Health, Unveiling Invisible Illnesses

Living With Chronic Pain

What does it feels like to live with chronic pain? It’s something that you never really get a break from and you can’t remember not feeling it.

At the end of a long day, it feels like you just did the most intense workout the night before, and climbed 50 flights of stairs while carrying someone up. Then, you had to swim a mile in the ocean and forgot to stretch, and you were forced to sleep on the pavement. For me, this is how my body feels on a daily basis.

Every single fiber of my being aches and it always has. This is my normal and something I have grown to live with. I still go to the grocery store, cook my family dinner, make it to events and juggle school, parenting and work. I used to never talk about this because I never knew it wasn’t normal to feel like your scalp was severely bruised because you wore your hair up or switched parts, or that your legs weren’t supposed to feel like they were run over by a truck after a day of work, or like you drank a bottle of tequila the night before (only you don’t actually drink) and have a massive hangover. I didn’t know it wasn’t normal to feel like your feet have been shattered into a hundred pieces at the end of the day, or wake up each night with your back spasming, and let’s not forget the classic pounding headache and abdominal cramps.

I have been told in previous relationships that I was a hypochondriac, or always complaining, so I trained myself to suck it up. Who wants to complain all day or succumb to a life in bed? I can’t be in bed too long anyway. This is my every single day. This is me. So, when you see someone or meet someone, know that we are all fighting our own battles. Pain is just one small layer of the onion. Things are not always what they seem.

Photo by Amanda Eversz

Location: Rockledge Gardens

Dress by The King’s Daughter Bridal Boutique & Formal Wear

Health, Healthy Food, Sweet Tooth

Smoothie Ideas

  • Splash of Pineapple juice
  • Ginger
Health, photography, Unveiling Invisible Illnesses

Astrid is my 12 year old daughter and she also has Ehlers Danlos Syndrome and POTS. She is incredibly strong, talented and beautiful.

Astrid is very athletic and she keeps her Postural Orthostatic Tachycardia Syndrome (POTS) under control by staying hydrated.

Check out our most recent photo shoot in downtown Eau Gallie Art District in Melbourne, Florida.

Photos by Misti Blu

Danceware by Mirella

Mom Life

Mom Life

Being a mother is carrying a tiny human being in your body for nine months while your flat stomach and perky breasts morph into something you could never image. It’s uncomfortable and emotional from this point on. You become a snot rag and a sleep deprived superhero. All of this happens while juggling a career, relationships and putting yourself on the back burner for years to come.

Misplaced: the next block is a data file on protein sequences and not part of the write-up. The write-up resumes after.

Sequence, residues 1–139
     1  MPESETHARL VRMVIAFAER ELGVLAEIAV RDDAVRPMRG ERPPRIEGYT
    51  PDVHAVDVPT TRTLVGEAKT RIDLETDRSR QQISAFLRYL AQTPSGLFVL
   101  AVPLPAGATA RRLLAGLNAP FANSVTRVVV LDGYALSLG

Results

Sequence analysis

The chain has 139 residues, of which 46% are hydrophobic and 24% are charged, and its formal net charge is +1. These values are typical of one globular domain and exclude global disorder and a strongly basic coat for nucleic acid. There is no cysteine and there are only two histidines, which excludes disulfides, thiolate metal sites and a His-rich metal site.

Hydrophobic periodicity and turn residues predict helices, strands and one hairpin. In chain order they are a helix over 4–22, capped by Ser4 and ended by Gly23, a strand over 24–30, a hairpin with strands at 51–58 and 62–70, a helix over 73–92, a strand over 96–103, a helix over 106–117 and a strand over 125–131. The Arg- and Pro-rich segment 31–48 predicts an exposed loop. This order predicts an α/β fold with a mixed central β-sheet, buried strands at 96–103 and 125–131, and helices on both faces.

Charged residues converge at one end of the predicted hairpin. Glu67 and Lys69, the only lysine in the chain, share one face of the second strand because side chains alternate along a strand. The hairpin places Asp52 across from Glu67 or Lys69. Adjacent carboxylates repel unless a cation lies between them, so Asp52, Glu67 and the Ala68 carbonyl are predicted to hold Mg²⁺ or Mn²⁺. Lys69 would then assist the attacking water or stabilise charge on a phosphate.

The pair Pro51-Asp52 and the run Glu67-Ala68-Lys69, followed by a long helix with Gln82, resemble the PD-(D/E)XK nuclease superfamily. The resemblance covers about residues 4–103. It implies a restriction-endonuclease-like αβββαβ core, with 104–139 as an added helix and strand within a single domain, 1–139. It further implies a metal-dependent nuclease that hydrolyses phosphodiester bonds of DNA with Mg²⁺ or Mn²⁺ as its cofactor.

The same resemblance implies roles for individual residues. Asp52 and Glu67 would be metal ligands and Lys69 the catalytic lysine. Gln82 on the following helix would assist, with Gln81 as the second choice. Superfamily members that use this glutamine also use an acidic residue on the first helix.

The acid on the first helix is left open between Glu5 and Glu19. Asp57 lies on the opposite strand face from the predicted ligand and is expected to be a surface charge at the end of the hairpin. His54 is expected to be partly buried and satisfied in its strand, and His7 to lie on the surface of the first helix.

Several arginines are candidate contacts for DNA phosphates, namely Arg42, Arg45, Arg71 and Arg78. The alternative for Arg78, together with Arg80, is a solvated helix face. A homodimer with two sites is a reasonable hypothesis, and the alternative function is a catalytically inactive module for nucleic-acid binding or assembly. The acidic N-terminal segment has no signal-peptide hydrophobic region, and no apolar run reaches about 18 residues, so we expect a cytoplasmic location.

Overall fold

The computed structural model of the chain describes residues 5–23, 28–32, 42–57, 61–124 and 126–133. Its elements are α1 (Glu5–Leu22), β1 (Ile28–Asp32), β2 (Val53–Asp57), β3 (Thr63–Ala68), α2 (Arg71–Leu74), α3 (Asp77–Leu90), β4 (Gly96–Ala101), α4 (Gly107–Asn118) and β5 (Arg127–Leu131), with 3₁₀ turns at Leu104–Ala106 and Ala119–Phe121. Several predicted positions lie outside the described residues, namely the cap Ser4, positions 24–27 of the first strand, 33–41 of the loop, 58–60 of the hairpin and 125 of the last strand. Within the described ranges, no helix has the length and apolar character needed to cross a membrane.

Being a mother is staying up late to wash that third load of laundry and right when you start to drift into slumber, you hear your baby waking up. It means pausing the movie you are watching 37 times. When you are sick, with a fever and vomiting, you have to suck it up and keep going. There are no days off. If you work, coming home after a long day means a speedy trip to the grocery story before picking up the kids and flinging pots onto the stove.

While you cook dinner, laundry gets started and math questions you haven’t seen in over a decade fog your memory. You secretly google on your phone “how to find the volume of a rectangular prism” and turn down the stovetop because something is starting to burn. You get one kid into the shower after telling them for the fourth time. You finally sneak away to undo the bra that has been cutting into your skin since 6am. Finally a brief moment to use the bathroom after holding it since after lunchtime and someone knocks on the door asking if dinner is ready. Fuck, you also just realized you forgot to call someone back and pick up toilet paper at the store. You are always last to shower and right when it’s time to rinse your hair, the water turns cold.

Being a mother means constantly drilling the meaning of life, good morals, lessons and long talks in hopes that your children grow up to be healthy and decent human beings. It also means getting the eye roll, slammed door, whispering not so sweet nothings under their breath as they walk away and blatant disregard for all that you do. Your stomach is filled with worry each time they get sick or hurt. Your heart literally breaks into two when they get dissed by their first crush at school. You contemplate jail time when you hear about someone else’s kid being a shit head to yours. You have to be the asshole when their C turns into a D right before report cards come out.

Being a mother is a thankless job. It’s being the bad guy, making your children eat vegetables and that they get to bed on time. It’s telling them no when their father tells them yes and you have to deal with the aftermath of a sick or moody kid. It’s a job where you always get criticized and a never ending filing cabinet of complaints. With your spare time, you work and pay bills, balance a chaotic schedule, run to the bank and grocery story several times a week and try not to leave the house with your shirt inside out.